While the European population of this bird of prey is generally declining, that of Catalonia has been increasing for two decades – answers to this may prove essential to revert the conservation situation with this endangered species
Egyptian vultures are still declining across most of its vast range, and thus in 2007 it was classified as globally Endangered by IUCN. Even in Spain, its largest European stronghold (50% of the global population), where there are between 1320-1480 pairs, the species suffered a marked decline over the last twenty years (around 25%), and has disappeared from several areas of the Iberian Peninsula.
Interestingly, in Catalonia the species is increasing fast - from 1 pair in 1988 to the 28 pairs currently observed in one particular study area - the total for the autonomous regions reaches 70-80 pairs. The species has now recolonized most if its historical range in the region, but also actually occupied areas where it did not occur before.
Ornithologists of the Department of Animal Biology of the University of Barcelona have been studying and monitoring the species since 2012, and confirm that this population growth is still continuing: In 2015 a new occupied territory was located, and half of the breeding pairs that have bred with success have raised two chicks each. In total, last year, 21 chicks fledged, from the 23 breeding pairs that have started to breed – see http://www.ub.edu/aligaperdiguera/EEAPang/actual69.html for the latest results from the monitoring programme.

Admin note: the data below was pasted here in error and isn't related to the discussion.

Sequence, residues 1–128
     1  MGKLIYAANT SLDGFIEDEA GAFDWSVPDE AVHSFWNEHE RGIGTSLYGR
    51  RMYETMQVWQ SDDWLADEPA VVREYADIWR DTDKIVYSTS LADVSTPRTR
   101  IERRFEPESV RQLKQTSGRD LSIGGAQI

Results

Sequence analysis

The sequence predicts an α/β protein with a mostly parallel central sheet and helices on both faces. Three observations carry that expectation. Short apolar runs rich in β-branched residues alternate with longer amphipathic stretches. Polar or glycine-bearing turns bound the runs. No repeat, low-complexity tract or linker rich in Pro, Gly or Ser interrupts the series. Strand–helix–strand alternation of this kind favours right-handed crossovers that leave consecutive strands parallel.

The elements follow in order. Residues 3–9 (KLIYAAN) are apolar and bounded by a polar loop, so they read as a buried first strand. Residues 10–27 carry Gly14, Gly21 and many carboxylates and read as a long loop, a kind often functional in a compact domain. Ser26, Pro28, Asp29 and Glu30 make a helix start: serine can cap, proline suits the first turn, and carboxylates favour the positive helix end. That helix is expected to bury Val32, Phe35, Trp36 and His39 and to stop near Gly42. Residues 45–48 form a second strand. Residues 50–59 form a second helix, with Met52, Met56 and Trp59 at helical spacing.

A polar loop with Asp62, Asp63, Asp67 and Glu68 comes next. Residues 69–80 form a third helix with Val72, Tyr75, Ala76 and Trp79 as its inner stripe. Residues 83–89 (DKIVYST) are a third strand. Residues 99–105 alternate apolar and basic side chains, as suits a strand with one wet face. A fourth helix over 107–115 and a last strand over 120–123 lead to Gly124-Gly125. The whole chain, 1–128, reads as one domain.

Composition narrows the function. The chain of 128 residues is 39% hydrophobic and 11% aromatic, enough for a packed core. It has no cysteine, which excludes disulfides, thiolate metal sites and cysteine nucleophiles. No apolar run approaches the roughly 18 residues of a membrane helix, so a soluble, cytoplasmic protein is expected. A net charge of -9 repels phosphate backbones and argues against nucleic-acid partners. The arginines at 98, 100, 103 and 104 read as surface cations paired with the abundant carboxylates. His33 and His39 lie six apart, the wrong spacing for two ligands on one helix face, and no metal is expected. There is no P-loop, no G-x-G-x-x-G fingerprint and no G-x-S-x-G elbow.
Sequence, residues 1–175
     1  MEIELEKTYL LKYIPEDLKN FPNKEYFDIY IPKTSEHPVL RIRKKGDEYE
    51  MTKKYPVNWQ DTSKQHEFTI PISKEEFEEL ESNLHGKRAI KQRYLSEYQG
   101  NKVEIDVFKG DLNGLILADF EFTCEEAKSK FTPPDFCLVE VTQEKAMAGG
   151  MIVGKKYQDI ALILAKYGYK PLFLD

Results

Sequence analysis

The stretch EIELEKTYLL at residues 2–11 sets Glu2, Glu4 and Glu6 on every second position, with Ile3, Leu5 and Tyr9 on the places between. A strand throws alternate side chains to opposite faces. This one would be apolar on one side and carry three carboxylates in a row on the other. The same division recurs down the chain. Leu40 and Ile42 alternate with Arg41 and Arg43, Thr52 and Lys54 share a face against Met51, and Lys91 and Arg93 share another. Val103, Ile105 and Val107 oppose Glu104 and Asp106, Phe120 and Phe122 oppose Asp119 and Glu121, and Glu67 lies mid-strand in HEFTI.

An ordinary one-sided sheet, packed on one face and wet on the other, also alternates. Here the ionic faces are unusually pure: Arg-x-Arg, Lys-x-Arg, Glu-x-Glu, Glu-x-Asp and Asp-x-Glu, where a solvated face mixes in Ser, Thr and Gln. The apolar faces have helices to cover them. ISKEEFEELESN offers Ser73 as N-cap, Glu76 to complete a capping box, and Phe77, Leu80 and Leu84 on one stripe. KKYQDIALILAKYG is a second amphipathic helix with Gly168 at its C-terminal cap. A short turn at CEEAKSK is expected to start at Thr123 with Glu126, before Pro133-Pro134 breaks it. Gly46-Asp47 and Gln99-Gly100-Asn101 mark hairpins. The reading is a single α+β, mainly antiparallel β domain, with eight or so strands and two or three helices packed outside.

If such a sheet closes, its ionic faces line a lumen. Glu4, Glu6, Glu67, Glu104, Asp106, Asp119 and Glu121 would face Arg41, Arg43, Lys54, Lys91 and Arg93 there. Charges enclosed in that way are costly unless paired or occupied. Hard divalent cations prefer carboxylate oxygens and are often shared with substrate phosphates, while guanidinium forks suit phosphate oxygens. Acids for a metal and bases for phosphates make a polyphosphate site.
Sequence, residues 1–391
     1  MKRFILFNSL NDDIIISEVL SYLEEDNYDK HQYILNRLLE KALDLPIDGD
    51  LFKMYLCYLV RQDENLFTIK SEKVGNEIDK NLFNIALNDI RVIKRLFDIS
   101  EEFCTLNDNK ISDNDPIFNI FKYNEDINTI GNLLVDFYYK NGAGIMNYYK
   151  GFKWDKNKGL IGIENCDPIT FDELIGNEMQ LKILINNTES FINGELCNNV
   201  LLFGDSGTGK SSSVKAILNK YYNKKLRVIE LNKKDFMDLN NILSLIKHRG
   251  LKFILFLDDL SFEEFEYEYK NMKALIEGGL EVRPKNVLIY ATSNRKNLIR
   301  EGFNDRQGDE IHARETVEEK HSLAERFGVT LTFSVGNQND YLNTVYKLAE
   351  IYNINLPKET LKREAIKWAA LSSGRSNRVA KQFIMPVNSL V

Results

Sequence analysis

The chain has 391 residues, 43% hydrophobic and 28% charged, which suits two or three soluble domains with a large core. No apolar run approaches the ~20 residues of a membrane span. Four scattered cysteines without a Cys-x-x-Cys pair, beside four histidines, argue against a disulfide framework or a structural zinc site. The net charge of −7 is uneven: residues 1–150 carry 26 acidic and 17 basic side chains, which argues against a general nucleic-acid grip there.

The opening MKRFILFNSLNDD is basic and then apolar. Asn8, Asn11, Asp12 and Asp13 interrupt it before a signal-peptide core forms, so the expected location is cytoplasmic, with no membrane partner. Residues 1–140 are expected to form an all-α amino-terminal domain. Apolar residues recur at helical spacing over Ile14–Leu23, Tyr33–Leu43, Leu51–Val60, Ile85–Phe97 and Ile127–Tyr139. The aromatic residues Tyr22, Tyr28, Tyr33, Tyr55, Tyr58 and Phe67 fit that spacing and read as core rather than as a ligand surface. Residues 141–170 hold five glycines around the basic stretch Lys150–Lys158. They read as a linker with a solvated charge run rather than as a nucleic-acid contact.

To try to understand the reasons for this very favourable trend, the researchers from the University of Barcelona developed population models with several demographic parameters (rate of increase of the population, survival, productivity of individuals, etc.) and concluded that the key factor to explain the observed trend is the adult survival rate, which is much higher in Catalonia than in other areas of the Iberian Peninsula.
In Catalonia the use of poison is lower than elsewhere in Spain, which has certainly contributed for a much reduced adult mortality. Immigration from other populations also played a key role in this growth.
You can download their paper below.
Photo Bruno Berthemy-VCF